Former IRFU president Jimmy Nelson, who was a member of Ireland’s 1948 Grand Slam winning team, has died at the age of 92 following a long illness.
Born in Belfast and raised in Portadown, he learned about the game at Royal School Armagh before moving back to Belfast and club rugby with Malone back in 1938.
As a rugged lock forward he played for Ulster and Ireland, toured with the Lions and donned the Barbarians jersey many times.
On retiring, the pipe-smoking Jimmy became a selector and administrator, spending 15 years as the IRFU treasurer before becoming president in 1982-83.
But in spite of his many honours he was still a real club man.
Jimmy was still an avid supporter at Malone’s Gibson Park ground in Belfast and was still among the crowd last season cheering on the First XV. He first made his name at the club in the second-row alongside Blair ‘Paddy’ Mayne. He was President of the club in the 1971/72 season and was still supporting the First XV last season.
He made his Ulster debut back in 1940 and progressed to the green jersey winning his first cap against Australia at Lansdowne Road in 1947.
Jimmy played in all of Ireland’s Championship-winning games in 1948 and 1949 and made the last of his 16 appearances for Ireland against France at Stade Colombes in 1954. That year he won four Test caps with the Karl Mullen-led Lions on their trip to New Zealand and Australia. On that tour, Jimmy famously scored two tries against the Wallabies with Jack Kyle another in a 24-3 win at the Sydney Cricket Ground. He played in 17 of that 32-game tour.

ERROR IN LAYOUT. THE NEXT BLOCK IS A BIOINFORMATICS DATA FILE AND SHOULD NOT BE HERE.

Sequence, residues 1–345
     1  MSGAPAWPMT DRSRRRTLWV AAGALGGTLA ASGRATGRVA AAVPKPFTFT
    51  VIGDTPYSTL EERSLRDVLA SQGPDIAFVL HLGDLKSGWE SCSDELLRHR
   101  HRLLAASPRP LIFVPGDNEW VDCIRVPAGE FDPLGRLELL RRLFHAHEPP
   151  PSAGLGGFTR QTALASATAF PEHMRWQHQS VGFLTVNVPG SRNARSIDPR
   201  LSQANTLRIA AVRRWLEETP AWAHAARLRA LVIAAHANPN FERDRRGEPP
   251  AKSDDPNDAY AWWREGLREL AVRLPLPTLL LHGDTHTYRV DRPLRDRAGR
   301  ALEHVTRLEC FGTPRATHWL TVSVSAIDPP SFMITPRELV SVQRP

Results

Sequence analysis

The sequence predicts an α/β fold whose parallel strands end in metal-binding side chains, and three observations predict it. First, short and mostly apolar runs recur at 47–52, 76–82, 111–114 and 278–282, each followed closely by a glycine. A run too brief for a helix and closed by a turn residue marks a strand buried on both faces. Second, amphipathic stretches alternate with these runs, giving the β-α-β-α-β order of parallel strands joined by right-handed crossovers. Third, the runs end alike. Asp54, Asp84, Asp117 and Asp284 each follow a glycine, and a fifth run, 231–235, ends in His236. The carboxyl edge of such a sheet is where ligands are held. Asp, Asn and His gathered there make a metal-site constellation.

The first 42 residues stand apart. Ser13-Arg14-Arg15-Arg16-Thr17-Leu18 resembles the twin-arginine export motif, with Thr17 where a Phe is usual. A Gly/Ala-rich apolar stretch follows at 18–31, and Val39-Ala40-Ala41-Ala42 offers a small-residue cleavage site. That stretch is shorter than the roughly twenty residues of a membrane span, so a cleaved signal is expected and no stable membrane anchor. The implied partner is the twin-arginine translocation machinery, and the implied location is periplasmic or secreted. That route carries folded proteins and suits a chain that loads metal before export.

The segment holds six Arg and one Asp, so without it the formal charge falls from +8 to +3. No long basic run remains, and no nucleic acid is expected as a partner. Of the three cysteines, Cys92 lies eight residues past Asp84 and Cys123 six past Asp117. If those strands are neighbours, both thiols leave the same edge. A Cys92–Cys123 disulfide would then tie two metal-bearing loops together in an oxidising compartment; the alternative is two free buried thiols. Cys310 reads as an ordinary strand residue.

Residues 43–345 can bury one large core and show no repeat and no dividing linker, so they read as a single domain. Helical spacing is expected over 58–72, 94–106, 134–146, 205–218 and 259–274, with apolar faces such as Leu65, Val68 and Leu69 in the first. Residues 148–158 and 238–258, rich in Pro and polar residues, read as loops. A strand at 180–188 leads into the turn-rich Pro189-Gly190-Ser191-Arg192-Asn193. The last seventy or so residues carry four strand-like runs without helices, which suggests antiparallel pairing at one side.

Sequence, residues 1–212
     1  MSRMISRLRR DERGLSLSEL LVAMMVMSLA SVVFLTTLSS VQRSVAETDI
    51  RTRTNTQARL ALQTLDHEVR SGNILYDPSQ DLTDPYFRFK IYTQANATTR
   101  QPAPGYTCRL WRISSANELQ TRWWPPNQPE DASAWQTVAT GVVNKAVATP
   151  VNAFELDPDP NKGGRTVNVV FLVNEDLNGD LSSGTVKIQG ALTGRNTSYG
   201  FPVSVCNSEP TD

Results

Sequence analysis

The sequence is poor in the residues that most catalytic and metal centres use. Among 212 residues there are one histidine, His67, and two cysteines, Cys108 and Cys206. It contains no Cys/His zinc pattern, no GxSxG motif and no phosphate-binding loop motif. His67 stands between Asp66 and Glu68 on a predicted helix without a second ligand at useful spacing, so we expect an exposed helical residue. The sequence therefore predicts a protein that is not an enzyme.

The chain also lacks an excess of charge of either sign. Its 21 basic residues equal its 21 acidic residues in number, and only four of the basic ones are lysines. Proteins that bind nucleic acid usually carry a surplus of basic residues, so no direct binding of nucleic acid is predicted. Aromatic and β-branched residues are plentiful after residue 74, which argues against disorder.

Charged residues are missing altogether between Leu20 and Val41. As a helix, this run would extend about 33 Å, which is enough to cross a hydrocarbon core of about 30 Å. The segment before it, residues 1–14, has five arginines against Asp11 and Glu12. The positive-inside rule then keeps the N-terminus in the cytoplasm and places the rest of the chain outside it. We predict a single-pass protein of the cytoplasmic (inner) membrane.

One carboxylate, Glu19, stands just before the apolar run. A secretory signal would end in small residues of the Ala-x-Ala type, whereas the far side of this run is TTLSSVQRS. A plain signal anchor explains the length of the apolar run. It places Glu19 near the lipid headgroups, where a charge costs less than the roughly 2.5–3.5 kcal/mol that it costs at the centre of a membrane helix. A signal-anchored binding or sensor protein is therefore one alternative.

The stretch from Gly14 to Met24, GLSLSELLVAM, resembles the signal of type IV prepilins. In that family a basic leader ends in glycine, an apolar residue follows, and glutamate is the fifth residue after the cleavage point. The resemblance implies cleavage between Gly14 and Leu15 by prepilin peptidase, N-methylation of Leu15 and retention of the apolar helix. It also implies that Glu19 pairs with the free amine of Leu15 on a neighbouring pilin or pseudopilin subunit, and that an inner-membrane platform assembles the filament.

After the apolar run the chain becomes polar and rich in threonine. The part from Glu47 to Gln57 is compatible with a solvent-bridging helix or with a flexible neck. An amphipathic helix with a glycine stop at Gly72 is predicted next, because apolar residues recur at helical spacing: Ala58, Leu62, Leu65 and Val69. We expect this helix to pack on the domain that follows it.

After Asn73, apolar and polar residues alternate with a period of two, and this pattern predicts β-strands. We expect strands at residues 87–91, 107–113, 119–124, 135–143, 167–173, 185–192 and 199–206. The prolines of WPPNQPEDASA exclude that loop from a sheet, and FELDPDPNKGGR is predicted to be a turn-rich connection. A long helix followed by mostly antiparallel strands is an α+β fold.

His last competitive game of rugby was in Ulster’s famous 5-5 draw with the touring All Blacks in 1955 before moving quickly into administration.
A chartered accountant by profession at the age of 22, he then entered into a partnership with the city centre firm Craig Gardiner & Co in 1954 and stayed there until he retired in 1981.
Jimmy served for 16 years in various roles at the Ulster Branch (IRFU) before becoming President, while still being treasurer, in 1968. He soon progressed to the Irish Rugby Football Union where he took on many administrative roles before being elevated to Presidential role in 1982. In 1984, he received the OBE for his services to rugby football.
The game will miss Jimmy, first and foremost as a player, then as an extremely competent servant behind the scenes where he was a tireless worker.
It was said that Jimmy knew half of the population in Ireland, and the other half knew him.
Jimmy was pre-deceased by his first wife Frances and our sympathy goes to his second wife Maureen.
The cremation is expected to be a very private affair and his ashes are to be scattered over the Gibson Park pitch at Malone.